It has been three and a half years since Wagram native David Laviner launched his company, Advanced Emergency Service Training, and now the once entirely mobile industrial training operation is coming home.
On Monday AEST instructors will teach their first classes in the old John Deere building on Aberdeen Road, marking the beginning of what Laviner expects to be a mutually beneficial business relationship between his company and Scotland County.
Laviner’s company currently trains about 1,000 people per year in industrial health and safety and until recently did all of its training on-site with contracting companies.
“Now they can come to us,” said Laviner, who hopes to benefit from Scotland County’s geographically central location and the relative lack of competition in the region.
With many of the training courses taking place over several days, Laviner’s decision to set up shop in Laurinburg will mean more of what tourism development workers like to call “heads in beds.”
And those rented rooms will likely mean more business for local restaurants and shops — a fact not lost on Laviner.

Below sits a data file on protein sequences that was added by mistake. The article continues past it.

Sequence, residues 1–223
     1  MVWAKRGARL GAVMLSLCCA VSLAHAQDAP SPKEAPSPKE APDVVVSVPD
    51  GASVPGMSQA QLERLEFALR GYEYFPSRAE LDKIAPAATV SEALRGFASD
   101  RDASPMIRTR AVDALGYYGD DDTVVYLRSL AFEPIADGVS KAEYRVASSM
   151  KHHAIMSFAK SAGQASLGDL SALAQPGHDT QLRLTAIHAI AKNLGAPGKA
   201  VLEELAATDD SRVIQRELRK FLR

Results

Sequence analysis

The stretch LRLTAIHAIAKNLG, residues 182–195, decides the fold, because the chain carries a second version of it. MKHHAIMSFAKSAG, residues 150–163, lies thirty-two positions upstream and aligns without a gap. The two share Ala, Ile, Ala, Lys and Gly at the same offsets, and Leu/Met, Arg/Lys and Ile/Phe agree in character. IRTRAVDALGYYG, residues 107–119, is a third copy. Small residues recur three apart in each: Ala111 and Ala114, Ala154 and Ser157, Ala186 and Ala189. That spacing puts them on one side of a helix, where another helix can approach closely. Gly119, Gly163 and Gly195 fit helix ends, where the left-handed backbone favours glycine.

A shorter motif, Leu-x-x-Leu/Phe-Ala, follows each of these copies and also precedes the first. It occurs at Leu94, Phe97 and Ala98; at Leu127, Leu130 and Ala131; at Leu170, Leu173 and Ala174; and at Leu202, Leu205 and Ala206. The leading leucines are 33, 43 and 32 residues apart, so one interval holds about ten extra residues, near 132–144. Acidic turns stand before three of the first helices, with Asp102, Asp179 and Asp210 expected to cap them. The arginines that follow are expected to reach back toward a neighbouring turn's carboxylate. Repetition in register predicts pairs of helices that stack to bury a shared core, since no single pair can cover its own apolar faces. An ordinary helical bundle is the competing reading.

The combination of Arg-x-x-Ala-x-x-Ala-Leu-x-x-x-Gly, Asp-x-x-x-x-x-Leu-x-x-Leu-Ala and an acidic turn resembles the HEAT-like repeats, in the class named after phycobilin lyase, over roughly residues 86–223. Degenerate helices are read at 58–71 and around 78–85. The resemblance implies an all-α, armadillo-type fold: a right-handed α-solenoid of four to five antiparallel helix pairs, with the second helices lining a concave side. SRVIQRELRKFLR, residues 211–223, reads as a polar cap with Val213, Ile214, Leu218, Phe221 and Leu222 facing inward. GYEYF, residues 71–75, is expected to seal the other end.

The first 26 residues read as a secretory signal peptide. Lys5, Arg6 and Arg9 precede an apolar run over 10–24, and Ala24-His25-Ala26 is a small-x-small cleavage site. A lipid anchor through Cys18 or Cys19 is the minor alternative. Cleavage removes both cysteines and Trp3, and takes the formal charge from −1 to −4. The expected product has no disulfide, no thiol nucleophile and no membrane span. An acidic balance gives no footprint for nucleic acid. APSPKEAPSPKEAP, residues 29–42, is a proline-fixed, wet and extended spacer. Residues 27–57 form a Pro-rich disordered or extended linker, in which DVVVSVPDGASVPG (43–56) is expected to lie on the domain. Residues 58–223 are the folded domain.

“Anything that makes a positive difference here at home is something to be proud of,” Laviner said. “This is not only an opportunity for us, but also an opportunity for the community.”
Owned by Turangi Investments, Inc. the building that AEST will occupy is just about a perfect fit for industrial training, Laviner said.
“The facility is very conducive to the type of business that we have … it enabled us to have a classroom facility and room for training props as well as office space,” Laviner said.
With fewer than 10 other competing companies in North Carolina, most of which Laviner says are located in Charlotte or Raleigh, the future appears to be bright for AEST.
After starting with only a single instructor — Laviner — AEST now employs 26 part time instructors, each with their own training specialty.
The wide variety of instruction on offer and the convenience of it to the community is also expected to serve as incentive in the recruitment of industry to Scotland County.
“I would say it will be a huge benefit to have someone local to provide these services,” Laviner said. “There are very few other places that offer these services.”
Turangi, Inc. President Tony Morgan is equally optimistic about AEST and what it will mean for the community.
“We’ve known for a little while that they were coming in … and that business is really growing. You could be looking at thousands more hotel rooms per year and more than 10,000 more meals sold,” Morgan said.
“(Laviner) is as busy as a bee with that business, and I think he is tickled to death that he’s able to stay here in Laurinburg.”